Eldora's home was one of approximately 2400 homes and buildings destroyed.  She writes of rushing home from work, having minutes to grab personal possessions before being evacuated from her home, of being one of the lucky ones with family in southern Alberta where her family could stay. So many stayed in shelters, or camped, or stayed with strangers.  When she found out the terrible news that her home had burned and they'd lost everything, she knew in her heart that material possessions could be replaced.  Yet she'd lost her sewing machine, all her sewing supplies, her quilts... my quilts are like little parts of me; I can't imagine losing them.  She eventually realized that she needed, no she yearned for her quilting to help her heal and get through this terrible time.  She had recently bought a bunch of fabric and supplies from Craftsy, and so she talked to them, specifically an employee named Lizzy, using the online chat, explaining her predicament and asking if they would consider selling her the items she'd previously purchased, at cost, so she could start sewing again.  Well.  Grab some Kleenex.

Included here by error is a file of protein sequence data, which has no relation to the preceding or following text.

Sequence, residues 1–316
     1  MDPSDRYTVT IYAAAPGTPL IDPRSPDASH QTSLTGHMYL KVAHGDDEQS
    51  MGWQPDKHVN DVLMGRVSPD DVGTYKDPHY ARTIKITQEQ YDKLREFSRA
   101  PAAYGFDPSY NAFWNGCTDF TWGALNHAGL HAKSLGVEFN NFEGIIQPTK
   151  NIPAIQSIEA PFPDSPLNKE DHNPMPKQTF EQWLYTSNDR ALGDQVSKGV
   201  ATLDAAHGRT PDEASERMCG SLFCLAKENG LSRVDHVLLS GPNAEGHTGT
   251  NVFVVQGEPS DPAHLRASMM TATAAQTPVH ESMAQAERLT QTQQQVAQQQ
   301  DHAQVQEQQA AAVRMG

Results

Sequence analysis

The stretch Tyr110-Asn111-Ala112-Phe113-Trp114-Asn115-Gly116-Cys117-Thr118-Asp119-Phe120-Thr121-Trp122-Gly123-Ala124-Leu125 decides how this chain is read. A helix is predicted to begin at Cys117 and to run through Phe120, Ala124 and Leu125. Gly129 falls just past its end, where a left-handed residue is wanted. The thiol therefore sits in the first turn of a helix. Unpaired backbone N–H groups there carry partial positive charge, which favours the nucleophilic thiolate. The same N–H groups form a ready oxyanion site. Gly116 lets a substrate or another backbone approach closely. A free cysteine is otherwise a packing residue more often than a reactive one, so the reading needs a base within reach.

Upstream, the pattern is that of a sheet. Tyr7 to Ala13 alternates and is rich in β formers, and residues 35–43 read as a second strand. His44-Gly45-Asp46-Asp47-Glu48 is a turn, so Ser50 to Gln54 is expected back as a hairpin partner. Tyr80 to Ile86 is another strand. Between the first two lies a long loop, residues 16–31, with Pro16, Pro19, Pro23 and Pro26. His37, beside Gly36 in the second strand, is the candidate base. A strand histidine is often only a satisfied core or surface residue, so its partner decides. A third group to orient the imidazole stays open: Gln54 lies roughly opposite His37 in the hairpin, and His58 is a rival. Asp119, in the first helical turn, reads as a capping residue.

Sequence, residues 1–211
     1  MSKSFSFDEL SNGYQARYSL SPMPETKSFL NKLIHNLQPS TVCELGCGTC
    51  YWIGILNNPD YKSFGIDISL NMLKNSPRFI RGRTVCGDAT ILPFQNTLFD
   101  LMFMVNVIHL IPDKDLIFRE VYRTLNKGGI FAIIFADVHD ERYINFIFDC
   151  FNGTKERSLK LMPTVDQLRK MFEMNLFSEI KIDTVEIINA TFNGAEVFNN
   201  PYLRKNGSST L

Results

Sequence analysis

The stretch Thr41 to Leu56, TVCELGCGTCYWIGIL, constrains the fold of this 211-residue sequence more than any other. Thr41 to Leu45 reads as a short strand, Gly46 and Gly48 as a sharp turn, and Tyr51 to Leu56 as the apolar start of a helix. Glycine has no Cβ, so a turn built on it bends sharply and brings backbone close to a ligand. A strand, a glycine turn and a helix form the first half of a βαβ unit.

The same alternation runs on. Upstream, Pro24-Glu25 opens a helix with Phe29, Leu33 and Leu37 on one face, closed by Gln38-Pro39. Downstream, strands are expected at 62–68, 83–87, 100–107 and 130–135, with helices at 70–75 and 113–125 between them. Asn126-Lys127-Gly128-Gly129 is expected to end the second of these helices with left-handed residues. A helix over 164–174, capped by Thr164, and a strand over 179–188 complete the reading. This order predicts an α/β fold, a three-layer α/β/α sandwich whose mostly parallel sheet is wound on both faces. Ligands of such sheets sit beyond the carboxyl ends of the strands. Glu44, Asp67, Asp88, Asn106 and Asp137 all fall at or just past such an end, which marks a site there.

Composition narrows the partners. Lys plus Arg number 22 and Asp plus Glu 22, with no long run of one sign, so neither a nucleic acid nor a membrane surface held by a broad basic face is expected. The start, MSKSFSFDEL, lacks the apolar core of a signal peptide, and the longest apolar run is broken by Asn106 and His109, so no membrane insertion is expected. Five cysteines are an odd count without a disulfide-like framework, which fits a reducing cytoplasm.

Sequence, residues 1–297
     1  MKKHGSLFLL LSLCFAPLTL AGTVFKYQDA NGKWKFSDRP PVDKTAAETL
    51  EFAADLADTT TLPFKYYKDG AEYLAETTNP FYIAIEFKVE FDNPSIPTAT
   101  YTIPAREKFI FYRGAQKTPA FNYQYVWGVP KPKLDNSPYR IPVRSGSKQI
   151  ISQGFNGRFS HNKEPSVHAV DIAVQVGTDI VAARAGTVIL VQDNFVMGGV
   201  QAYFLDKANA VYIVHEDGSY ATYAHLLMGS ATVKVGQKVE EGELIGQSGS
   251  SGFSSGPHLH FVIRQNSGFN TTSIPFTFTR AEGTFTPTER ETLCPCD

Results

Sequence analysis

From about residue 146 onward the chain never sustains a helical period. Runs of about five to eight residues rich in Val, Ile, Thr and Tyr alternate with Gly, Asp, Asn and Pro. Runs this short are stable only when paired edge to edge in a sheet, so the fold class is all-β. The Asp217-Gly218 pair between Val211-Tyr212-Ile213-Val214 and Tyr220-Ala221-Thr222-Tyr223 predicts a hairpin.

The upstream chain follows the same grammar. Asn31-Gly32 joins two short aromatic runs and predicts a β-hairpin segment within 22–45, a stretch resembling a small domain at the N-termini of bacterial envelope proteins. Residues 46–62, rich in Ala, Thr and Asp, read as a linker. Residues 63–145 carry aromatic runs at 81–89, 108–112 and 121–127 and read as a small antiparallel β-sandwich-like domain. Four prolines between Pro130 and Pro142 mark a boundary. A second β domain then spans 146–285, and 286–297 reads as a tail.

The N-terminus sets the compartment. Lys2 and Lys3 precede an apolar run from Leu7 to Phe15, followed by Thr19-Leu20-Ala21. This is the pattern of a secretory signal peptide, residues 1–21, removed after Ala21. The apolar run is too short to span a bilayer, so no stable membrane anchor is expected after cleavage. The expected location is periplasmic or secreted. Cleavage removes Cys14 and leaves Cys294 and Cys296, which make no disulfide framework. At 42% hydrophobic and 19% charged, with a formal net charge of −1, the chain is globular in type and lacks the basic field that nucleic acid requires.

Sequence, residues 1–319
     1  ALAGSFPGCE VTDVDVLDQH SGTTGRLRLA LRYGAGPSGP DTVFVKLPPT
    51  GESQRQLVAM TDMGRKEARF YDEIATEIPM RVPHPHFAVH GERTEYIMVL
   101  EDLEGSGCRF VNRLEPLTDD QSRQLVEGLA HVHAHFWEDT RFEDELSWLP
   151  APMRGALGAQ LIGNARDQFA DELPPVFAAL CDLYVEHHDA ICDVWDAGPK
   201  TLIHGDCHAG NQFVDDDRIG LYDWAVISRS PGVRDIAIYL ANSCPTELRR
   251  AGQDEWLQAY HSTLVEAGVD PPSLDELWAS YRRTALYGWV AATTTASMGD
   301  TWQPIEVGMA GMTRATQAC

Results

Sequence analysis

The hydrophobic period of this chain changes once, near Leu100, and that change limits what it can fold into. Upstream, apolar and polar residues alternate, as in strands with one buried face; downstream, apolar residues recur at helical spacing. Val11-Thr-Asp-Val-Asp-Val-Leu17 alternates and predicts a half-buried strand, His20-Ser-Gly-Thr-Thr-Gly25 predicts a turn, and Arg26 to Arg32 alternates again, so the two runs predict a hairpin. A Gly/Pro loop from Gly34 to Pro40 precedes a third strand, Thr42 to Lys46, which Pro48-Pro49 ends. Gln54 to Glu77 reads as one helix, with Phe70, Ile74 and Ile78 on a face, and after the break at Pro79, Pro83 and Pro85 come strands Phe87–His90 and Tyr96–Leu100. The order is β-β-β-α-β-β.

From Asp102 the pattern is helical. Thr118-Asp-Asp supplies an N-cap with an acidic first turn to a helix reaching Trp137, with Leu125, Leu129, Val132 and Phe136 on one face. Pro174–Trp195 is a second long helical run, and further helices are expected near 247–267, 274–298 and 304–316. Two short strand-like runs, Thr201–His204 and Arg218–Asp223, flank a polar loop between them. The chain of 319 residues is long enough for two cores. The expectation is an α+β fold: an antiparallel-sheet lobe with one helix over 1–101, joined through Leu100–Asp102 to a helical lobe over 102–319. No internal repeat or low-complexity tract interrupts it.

Eldora and her family returned to Fort McMurray sometime in June.  Shortly thereafter, she received a few care packages from Craftsy.  And...from Janome.  Yep.  Craftsy did a truly amazing thing: they sent her a ton of quilting supplies, from rotary cutter to thread to a couple of quilt kits!  AND they talked to Janome, who sent her a top of the line MC 8200 sewing machine so she could start doing the thing that we all know heals ourselves and heals those we care about: quilting.  Just typing this up brings tears to my eyes all over again.  Such thoughtfulness on the part of Craftsy worker Lizzy.  Such support from the company, and taking it further by talking to Janome, who also came through in spades. A Denver, Colorado company reaching out, across an international border,  to help a little old Canuck.  Eldora says, as she is sewing up one of the kits on her new machine, "The Beast" tried to take everything from her, but it couldn't take away her love of quilting.